Chris Brislin is the General Manager for Gulfshore Playhouse.
How do you plan a golf tournament when you know absolutely nothing about golf?
As the best players in town prepare to fundraise for Naples’ premiere Professional Regional Theatre, the team at Gulfshore Playhouse organizing the event are taking a crash course in golf. We are only a few days away from tee-off on Monday, October 26 at the stunning TwinEagles golf course. Last minute preparations behind the scenes will make it a wonderful day. But we still know very little about this challenging sport. I decided to turn to Wikipedia for answers.
Apparently golf was invented in Scotland during the middle ages when a group of guys wanted to frustrate themselves by hitting the smallest ball invented across the largest field they could find into a hole the size of a coffee cup. Perhaps it got their minds off the plague.
Today there are 35,000 golf courses in the world with 15,372 in the US alone. But the game is harder than it seems with 540 million golf balls sold each year for only 261,372 holes played. It is estimated 300 million golf balls are lost each year to the rough, ponds, sand traps, and perhaps between your sofa cushions.
It is also the only sport with no uniform but a strict dress code. Shirts must have collars, no denim, no skirts, pleated pants, soft spikes, etc. Golfers spend 1.5 billion annually on attire which explains why my parents signed me up for swimming lessons. A bathing suit, a towel and they were done.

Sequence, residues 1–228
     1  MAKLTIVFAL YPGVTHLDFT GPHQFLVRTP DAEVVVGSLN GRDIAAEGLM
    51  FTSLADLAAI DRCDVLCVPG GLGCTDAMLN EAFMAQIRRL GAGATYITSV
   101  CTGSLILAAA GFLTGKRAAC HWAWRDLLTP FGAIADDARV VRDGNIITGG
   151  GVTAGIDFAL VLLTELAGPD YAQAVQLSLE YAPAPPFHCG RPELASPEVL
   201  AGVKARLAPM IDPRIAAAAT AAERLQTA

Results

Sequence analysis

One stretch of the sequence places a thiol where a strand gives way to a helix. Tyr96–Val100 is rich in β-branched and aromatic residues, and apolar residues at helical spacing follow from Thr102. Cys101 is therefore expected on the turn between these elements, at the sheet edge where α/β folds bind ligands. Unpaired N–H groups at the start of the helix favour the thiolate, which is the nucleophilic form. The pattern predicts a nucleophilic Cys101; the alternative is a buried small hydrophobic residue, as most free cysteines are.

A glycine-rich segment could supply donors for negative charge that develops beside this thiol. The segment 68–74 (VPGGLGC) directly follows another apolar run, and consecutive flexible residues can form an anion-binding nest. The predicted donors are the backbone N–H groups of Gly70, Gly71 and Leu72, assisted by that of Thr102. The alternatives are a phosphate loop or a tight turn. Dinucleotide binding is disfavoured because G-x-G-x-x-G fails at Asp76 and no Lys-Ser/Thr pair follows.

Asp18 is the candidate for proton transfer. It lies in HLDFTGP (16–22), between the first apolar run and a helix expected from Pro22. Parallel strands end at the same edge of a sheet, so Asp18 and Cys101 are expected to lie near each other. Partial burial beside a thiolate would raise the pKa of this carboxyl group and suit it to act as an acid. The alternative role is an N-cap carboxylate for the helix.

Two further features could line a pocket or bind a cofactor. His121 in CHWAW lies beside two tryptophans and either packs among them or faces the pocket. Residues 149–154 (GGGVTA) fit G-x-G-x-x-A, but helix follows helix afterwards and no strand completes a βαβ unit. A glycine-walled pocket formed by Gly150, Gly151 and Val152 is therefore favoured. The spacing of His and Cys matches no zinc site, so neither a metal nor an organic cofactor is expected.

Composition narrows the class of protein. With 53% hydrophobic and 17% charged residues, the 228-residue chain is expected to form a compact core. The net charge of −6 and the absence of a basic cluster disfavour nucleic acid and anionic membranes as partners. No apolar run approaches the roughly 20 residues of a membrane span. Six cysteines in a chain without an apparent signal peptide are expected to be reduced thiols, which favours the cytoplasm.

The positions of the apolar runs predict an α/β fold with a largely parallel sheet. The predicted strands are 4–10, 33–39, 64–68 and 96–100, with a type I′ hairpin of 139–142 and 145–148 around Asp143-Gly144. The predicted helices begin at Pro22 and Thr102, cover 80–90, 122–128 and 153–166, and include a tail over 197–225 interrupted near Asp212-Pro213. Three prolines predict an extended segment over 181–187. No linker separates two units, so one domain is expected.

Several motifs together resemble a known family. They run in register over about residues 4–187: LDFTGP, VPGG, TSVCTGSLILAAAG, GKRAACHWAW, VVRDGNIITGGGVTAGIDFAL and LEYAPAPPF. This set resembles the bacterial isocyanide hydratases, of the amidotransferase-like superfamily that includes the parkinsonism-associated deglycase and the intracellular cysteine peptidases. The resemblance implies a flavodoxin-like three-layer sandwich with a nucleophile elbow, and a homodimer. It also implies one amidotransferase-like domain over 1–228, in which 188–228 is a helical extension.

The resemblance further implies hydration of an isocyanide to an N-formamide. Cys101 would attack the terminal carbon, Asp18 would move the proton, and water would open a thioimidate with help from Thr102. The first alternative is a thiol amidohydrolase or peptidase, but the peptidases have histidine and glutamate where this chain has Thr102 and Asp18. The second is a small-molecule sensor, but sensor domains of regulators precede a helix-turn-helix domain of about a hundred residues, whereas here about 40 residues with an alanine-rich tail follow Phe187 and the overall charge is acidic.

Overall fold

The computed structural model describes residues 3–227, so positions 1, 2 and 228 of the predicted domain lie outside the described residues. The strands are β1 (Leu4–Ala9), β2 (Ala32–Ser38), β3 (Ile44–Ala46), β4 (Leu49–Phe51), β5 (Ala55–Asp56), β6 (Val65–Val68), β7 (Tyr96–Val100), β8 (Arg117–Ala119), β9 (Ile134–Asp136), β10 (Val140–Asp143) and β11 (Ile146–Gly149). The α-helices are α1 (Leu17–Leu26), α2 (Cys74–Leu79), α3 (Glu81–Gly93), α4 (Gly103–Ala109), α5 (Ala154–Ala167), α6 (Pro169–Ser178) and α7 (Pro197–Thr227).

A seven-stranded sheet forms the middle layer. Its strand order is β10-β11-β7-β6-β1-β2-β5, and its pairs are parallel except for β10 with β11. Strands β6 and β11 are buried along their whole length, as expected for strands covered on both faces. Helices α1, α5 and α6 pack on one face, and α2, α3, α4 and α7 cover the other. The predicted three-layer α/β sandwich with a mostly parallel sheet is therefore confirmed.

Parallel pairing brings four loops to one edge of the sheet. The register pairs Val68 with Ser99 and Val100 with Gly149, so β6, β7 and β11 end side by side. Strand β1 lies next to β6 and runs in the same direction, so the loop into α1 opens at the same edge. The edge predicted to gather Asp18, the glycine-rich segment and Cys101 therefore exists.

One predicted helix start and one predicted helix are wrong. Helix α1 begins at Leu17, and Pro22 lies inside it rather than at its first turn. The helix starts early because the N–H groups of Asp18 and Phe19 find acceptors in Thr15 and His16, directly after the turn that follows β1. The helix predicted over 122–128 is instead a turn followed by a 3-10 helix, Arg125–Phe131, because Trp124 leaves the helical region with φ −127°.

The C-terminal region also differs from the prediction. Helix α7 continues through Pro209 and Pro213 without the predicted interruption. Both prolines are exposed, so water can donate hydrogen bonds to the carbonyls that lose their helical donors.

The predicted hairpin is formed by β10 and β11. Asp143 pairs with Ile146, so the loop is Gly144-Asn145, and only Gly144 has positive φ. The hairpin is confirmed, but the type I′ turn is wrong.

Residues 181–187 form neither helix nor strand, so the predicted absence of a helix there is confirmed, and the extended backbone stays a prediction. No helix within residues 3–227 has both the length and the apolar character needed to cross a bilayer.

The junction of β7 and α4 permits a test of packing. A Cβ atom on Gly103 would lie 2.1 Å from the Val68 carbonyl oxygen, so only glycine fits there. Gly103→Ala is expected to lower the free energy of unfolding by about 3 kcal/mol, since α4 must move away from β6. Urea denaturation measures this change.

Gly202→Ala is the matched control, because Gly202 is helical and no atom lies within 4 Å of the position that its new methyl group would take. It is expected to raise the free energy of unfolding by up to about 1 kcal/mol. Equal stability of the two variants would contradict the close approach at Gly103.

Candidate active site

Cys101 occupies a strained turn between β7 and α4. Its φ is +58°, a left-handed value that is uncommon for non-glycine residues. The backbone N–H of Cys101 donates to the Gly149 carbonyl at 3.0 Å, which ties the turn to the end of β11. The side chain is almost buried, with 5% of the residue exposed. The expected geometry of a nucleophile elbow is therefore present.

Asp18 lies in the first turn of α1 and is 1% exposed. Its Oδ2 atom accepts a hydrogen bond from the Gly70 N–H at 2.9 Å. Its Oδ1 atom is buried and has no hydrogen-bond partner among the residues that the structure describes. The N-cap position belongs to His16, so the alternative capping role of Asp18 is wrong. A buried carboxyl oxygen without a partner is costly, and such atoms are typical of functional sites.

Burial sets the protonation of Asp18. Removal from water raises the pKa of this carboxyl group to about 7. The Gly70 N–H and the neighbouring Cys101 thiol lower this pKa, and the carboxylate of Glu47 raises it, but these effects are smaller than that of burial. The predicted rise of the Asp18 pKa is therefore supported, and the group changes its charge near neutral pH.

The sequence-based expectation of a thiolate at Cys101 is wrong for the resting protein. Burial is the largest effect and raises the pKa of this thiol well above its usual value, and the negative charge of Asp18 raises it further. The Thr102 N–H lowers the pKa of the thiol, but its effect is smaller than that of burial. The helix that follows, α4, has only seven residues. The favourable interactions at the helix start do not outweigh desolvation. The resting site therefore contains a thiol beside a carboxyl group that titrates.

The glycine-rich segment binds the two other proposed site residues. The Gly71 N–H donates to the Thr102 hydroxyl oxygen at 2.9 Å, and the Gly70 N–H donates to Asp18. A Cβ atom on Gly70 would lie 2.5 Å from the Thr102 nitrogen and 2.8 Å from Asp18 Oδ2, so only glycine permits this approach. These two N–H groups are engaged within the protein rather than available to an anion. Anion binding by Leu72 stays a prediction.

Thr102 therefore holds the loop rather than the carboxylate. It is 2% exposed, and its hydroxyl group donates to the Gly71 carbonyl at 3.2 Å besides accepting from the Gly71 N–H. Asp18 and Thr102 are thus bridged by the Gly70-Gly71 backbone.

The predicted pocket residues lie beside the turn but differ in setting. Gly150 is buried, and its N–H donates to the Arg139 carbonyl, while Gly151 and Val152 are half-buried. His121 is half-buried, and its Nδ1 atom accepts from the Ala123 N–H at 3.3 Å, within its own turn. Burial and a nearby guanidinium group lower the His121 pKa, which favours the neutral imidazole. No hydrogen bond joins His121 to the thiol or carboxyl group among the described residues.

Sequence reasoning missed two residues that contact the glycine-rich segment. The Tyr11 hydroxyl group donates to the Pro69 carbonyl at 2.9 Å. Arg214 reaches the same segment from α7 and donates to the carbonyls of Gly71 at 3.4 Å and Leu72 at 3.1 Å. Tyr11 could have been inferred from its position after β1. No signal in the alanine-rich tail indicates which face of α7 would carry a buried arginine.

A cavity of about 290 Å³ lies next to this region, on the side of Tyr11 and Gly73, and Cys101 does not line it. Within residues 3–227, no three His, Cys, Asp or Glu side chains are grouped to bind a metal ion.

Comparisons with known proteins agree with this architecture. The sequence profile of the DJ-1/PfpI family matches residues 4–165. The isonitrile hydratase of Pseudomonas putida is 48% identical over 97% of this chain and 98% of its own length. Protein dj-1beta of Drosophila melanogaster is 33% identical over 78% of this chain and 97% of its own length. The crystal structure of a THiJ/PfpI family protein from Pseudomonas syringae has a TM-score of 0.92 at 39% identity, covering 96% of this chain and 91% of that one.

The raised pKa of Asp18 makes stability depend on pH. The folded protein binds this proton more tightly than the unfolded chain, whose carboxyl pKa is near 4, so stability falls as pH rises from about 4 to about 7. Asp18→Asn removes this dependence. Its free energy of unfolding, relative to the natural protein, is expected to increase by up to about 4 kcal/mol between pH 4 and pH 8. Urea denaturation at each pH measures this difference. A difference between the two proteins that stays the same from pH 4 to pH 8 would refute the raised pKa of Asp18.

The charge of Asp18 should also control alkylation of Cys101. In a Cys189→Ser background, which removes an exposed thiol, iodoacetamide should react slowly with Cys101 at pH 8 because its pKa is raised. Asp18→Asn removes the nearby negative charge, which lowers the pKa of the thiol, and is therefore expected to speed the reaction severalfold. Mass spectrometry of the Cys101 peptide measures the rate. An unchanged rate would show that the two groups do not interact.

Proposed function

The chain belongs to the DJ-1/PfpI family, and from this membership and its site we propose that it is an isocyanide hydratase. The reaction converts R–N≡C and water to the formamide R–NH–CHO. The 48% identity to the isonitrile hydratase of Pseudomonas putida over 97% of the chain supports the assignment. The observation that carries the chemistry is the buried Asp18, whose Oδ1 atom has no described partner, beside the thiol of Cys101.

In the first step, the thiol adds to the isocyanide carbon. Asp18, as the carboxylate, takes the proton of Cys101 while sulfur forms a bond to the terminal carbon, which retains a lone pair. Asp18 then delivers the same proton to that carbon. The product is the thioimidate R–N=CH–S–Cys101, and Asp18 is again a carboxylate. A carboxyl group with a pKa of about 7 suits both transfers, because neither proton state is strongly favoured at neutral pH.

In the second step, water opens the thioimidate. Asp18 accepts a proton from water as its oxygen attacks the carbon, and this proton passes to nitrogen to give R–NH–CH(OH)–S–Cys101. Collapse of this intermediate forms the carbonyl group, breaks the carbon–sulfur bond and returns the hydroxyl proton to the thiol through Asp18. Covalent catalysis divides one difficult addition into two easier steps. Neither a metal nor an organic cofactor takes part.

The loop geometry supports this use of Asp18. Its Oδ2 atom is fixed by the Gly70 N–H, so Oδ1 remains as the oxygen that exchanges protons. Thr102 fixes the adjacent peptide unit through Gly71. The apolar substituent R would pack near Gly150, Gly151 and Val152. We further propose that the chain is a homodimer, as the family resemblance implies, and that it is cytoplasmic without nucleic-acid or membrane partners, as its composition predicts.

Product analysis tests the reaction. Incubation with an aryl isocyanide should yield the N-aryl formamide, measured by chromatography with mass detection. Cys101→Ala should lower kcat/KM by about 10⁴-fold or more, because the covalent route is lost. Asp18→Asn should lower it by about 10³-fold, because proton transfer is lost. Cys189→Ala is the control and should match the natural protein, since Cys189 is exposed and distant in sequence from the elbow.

The most confusing to me is the tools of the game, the clubs. Putters, a term that I thought more accurately described what my first car did at stop signs, can cost up to $3,000. A nine-iron, not an impressive multi-vitamin, is actually made of a pricey alloy NASA invented. Perhaps our government hopes to one day put a golfer on Mars; Alan Shepard already played a short game on the moon.
There are Wedges, my favorite salad and statistically the most used clubs in the game. And finally there are Woods, sometimes made of persimmon wood but mostly made of carbon fiber, titanium, scandium, and other materials I believed are used to make the “black box” on airplanes.
Our event kicks off at 12:30pm with a shotgun blast, which is always a good way to start any sport that demands calm breathing and focus. There is also a beverage cart roaming around the field during the game-something I think would make soccer a more interesting sport.
We are incredibly grateful to Jack and Cheryl Solomon for donating the TwinEagles course and for hosting our event. Generous local vendors have donated prizes and other items. Volunteers have donated their precious time. The Chairman of our Board, Bob Harden, has worked on this event tirelessly for months. Our golfers are all coming out to support a not-for-profit arts organization that thrives through community engagement.
I may not know that much about golf, but I have learned a lot about those who play the game. At the end of day I think they are all winners.